One reason people buy a new car and then buy the same brand again when it comes time to replace the original one is customer service, particularly at the dealer level. Cars companies can make vehicles that perform well and their customers may be initially pleased with their purchases, but poor service can undermine that and cause people to consider alternatives. Customer erosion makes it harder for a car company to drive profits. The manufacturer has to sell cars to new customers and replace former customers who do not return.
Car research firm J.D. Power tracks customer satisfaction yearly in its Customer Service Index, which has just been released for 2021. Brands are rated on a scale with a maximum score of 1,000, based on the following considerations (and how they are weighted): quality (29%), service facility (19%), service initiation (18%), service advisor (18%) and vehicle pick-up (16%). The data J.D. Power reports is pulled from 62,519 verified registered owners and lessees of 2018 to 2020 model-year vehicles.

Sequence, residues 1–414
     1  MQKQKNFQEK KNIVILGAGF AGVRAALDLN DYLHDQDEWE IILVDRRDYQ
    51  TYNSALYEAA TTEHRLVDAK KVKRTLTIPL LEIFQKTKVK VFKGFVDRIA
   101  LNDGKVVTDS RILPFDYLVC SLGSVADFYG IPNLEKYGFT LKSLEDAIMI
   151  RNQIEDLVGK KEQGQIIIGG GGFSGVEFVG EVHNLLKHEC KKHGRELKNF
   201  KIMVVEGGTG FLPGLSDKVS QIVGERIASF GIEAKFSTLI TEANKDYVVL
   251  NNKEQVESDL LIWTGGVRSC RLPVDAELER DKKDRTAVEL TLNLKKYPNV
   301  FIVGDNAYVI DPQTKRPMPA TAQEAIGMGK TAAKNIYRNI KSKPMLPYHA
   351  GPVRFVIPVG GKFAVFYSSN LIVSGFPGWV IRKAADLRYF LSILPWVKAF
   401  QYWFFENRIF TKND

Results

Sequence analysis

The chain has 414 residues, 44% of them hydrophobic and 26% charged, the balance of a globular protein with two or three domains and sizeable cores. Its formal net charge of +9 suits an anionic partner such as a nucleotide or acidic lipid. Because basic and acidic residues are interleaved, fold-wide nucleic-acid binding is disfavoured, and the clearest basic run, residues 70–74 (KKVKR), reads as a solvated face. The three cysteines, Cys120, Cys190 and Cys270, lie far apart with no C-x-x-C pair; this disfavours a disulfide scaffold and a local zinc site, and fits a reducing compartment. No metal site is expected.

Chris Sutton, vice president of automotive retail at J.D. Power, commented about what it takes to be high on its list:
Completing work right the first time, as well as focusing on customers’ needs, play significant roles in satisfaction—and dealers are nailing these key performance indicators nearly 100% of the time.
The firm said one group of cars, electric cars, did worse than others by dealer service measure.
The brand with the best rating in the J.D. Power Customer Service Index is super-luxury brand Porsche. It received a score of 899. The research divides cars into two segments: premium brands and mass market brands. The Porsche figure was the highest across both segments. Among premium brands, it was followed by Lexus, the luxury division of Toyota, at 895, and Infiniti, the luxury brand of Nissan, at 887. The average score among premium brands was 870. The premium brand with the worst performance was Alfa Romeo at 797.
Among the mass market brands, BMW division Mini took first place with a score of 864, followed by Buick at 859 and Mitsubishi at 857. The average score among mass market cars was 843. The bottom score posted, 817, was for Ram, the pickup division of Stellantis (previously Fiat Chrysler).
Among the messages from the J.D. Power study is that service matters. Manufacturers cannot do well without the support of their dealer networks. If service is poor, the dealers suffer as well.